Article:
The second blockage was more severe and lasted from October 1995 and September 1996 covering the entire line between Camden Road and Willesden Junction via Hampstead Heath when the line was heavily rebuilt for North of England Eurostar trains which never ran. The North Woolwich – Richmond service ran from North Woolwich via Primrose Hill (where the station remained closed) to Willesden Junction Low Level and from Willesden Junction High Level to Richmond. The line was re-electrified from Acton Central through to Dalston Kingsland on 25 kV a.c. which materially improved operation of the 313s. Unfortunately work to improve clearances for larger freight containers in Hampstead Tunnel wasn’t included. However, when the train service was restored, it was on the previous 20 minute frequency throughout, and the previous service wasn’t fully restored till January 1999. On 22 March 1996 the last train ran on the branch to Croxley Green in advance of road works severing the track formation. Latterly, the line had been served by a single early morning train pair, when run at all.
Privatisation of train operation under the Railways Act of 1993 led to the award to National Express of a franchise for operating the trains; this ran from March 1997 till November 2007 branded as Silverlink Metro. Since the franchise terms were to operate the service ‘as is’ on a line where passenger numbers were rising, there was little investment by the operator and the passenger experience deteriorated. One user described it as ‘shabby, unreliable, unsafe and overcrowded,’ and there were particular problems of communication if the service was disrupted. In 2000 Silverlink was rated as the worst or second worst franchisee in 9 PPM measures out of 12. However, there were a few extra peak trains from May 2004 and the new GLA (see below) paid for some extra through trains to run from Stratford to Clapham Junction in the peak. Meanwhile the Anglia franchisee had run through dmus over the North London from Ipswich to Basingstoke; the then Strategic Rail Authority (SRA) set up by the Transport Act of 2000) terminated the poorly patronised service which ran from May 2000 to September 2002. The SRA was abolished by the Railways Act of 2005 and its powers transferred back to the Department of Transport.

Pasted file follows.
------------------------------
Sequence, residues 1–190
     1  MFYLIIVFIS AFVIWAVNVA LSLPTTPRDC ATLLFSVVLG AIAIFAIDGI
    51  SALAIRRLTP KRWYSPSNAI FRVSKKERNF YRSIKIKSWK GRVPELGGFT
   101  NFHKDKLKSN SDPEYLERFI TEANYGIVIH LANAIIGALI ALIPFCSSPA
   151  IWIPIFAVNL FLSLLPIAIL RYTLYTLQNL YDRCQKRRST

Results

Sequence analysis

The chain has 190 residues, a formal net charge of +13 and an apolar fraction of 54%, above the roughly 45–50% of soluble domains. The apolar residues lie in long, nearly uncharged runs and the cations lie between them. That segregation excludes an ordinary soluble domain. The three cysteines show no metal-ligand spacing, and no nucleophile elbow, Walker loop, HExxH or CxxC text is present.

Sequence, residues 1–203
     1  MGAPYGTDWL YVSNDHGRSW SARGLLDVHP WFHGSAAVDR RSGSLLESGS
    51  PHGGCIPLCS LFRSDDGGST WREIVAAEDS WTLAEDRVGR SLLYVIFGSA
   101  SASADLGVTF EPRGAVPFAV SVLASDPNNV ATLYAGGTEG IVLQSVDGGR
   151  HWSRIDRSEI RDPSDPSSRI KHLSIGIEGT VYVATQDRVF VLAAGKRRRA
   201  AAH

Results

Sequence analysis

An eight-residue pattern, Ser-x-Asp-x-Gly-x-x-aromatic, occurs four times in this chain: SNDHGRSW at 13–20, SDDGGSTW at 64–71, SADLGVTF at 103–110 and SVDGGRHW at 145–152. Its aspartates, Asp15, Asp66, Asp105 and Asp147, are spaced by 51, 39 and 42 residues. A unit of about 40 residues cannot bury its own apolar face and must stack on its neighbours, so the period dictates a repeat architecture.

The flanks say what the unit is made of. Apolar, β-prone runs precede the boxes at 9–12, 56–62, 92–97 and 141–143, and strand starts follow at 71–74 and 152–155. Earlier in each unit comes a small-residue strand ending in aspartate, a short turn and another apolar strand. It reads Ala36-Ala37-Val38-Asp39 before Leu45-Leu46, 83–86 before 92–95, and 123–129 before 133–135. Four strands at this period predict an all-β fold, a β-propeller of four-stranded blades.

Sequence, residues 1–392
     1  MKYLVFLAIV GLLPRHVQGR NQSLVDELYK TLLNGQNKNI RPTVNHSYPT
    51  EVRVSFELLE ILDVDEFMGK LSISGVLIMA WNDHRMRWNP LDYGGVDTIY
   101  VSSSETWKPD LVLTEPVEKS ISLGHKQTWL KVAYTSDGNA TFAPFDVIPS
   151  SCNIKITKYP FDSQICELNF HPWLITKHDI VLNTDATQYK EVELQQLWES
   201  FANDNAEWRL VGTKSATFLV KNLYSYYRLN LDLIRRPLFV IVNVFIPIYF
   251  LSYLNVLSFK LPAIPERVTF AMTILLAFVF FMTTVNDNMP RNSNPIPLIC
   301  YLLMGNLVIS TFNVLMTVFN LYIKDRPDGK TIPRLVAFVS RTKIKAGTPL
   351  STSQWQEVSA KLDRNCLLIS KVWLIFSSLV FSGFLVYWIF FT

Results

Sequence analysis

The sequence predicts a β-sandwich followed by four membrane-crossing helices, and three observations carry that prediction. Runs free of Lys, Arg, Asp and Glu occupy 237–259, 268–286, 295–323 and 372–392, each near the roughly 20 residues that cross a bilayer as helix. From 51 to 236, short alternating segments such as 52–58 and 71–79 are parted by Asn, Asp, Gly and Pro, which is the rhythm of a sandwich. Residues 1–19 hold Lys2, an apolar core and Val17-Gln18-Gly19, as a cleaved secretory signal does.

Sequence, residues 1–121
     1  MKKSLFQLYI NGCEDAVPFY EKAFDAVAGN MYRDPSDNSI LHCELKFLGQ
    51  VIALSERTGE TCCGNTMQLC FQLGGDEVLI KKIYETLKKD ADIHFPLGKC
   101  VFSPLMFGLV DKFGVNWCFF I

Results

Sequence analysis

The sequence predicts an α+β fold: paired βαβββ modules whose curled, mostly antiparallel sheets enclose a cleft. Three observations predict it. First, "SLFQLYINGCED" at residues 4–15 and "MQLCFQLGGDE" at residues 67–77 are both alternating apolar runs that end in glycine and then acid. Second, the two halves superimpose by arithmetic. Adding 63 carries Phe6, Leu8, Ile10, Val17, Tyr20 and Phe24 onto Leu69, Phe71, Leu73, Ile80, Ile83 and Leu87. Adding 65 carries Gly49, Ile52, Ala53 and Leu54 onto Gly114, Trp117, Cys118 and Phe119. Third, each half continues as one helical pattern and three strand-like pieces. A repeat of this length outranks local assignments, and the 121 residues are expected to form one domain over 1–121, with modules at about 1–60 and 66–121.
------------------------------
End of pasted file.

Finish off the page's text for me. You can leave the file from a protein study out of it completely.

In 2000 came better news with the establishment of the Greater London Authority (GLA) with an elected mayor. While the the GLA set up Transport for London (TfL) in 2000 to manage its transport responsibilities, it was only able to take over London Underground in 2003 after it had signed an ill-fated PPP (Public Private Partnership) agreement for the infrastructure. The Railways Act of 2005 gave the GLA / TfL more explicit responsibilities which it exercises these through ‘London Rail.’ Both London mayors have worked through this to exercise greater control over national railways services throughout Greater London.
In July 2005 London was successful in its bid to host the Olympics in 2012. This provided the impetus for drastic improvements in service standards and completion of the East London Line Extension (ELLE) described later. London was primarily competing for the Olympics against Paris and Madrid which were at that time perceived as having more effective transport systems serving their proposed Olympic infrastructure. To win the Olympics, the SRA had identified these priorities in 2004:
ñ To improve the North London line
ñ The build the East London Line Extension to Highbury & Islington. In 2004 this had been the bottom of their 10 priorities. This is described in more detail in a later section
ñ To replace the North London line by the DLR beyond Stratford
In August 2006 Network Rail published a Route Utilisation Strategy which foresaw capacity crises for both passenger and freight traffic on the North London line. This recognised the weakness of the Gospel Oak to Barking line through ailing bridges and long signal sections. For passengers it recommended reconfiguration of the class 313 emus, longer trains, more peak trains and a service from Stratford via Primrose Hill to Queens Park.
Since TfL already had authorisation to extend the DLR to King George V and North London line traffic to North Woolwich was still very poor, the last train ran between Stratford and North Woolwich on 9 December 2006. Rather belatedly, the North London line service was transferred from the Low Level platforms at Stratford to new platforms at High Level in April 2009.